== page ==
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Most companies say that at least some of their large-scale software deployments are outright failures.
Karen M. Kroll, CFO Magazine
June 1, 2008
Let the trash talk begin. In March, Waste Management Inc. filed a lawsuit against SAP, accusing the enterprise-resource-planning-software powerhouse of fraud. The suit claims that SAP deliberately misrepresented a revenue-management application, positioning it as a mature, out-of-the-box solution that could be functional within a year with no customization.
Waste Management also claims that SAP knew the software was undeveloped, untested, and defective, and conducted demonstrations on fake or mocked-up software. After two years of recoding and $100 million in project expenses, the software was still not functional, Waste Management says.
Complaints about major software implementations are nothing new; studies from the past 15 years have found that 50 to 70 percent of companies consider at least some of their large-scale software deployments outright failures. But few seek legal remedies.
In most vendor-client disputes, both sides share some blame, experts say. Software vendors "definitely tell their customers what they want to hear," says Charles Schley, founder of ERP Implementation Consulting Group. On the other hand, it's naïve to assume that an enterprise application won't need some customization. Many buyers simply don't know what questions to ask, says Richard Ligus, president of Rockford Consulting Group, and project managers often lack the experience and political clout to keep implementations on track.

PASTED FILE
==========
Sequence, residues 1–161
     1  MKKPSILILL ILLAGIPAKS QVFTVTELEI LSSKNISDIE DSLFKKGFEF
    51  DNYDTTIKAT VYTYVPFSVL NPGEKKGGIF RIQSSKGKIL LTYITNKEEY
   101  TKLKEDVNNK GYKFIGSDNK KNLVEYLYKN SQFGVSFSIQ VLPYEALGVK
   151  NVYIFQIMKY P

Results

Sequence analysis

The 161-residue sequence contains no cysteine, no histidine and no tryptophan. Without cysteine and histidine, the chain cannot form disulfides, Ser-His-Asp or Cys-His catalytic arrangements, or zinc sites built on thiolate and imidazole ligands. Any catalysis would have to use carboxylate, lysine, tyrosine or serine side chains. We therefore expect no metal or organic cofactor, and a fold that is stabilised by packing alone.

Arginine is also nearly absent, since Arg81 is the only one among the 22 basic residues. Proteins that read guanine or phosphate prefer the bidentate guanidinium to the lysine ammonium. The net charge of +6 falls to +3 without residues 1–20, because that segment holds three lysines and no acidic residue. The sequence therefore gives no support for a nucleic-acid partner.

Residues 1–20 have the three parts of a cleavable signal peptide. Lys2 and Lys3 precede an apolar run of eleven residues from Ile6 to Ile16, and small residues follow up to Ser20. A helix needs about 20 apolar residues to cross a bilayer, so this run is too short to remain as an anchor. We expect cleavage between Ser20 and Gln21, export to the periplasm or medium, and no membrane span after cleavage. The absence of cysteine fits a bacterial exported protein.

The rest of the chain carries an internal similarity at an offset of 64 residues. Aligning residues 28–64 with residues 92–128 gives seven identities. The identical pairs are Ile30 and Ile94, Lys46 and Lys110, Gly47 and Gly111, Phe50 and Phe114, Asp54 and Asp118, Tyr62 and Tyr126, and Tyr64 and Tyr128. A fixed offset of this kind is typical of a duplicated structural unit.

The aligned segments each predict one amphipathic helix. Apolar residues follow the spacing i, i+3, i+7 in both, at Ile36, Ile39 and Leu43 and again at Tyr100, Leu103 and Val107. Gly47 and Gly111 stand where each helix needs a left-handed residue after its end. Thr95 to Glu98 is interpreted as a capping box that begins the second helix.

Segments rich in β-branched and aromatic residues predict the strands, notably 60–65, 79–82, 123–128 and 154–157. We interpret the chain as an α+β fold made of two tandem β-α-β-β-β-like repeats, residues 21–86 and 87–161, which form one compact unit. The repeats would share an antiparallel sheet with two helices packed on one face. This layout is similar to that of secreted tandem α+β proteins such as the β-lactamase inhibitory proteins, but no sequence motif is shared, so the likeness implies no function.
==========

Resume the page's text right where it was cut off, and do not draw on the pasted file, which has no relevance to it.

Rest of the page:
Erik J. Phelps, a partner with Michael Best & Friedrich, says that while most cases settle, the allegations of fraud may inspire SAP to fight to clear its name. SAP had no comment.
Ray Wang, a principal analyst with consulting firm Forrester, says companies should ask whether the functionality they're being pitched is part of a current product or a future release, whether it was built for demonstration purposes, and whether it was created by the vendor or a partner. Contracts should stipulate that the software being delivered contains all expected functions. For additional peace of mind, videotape the demo. That may not dazzle the YouTube crowd but it could provide useful evidence down the road.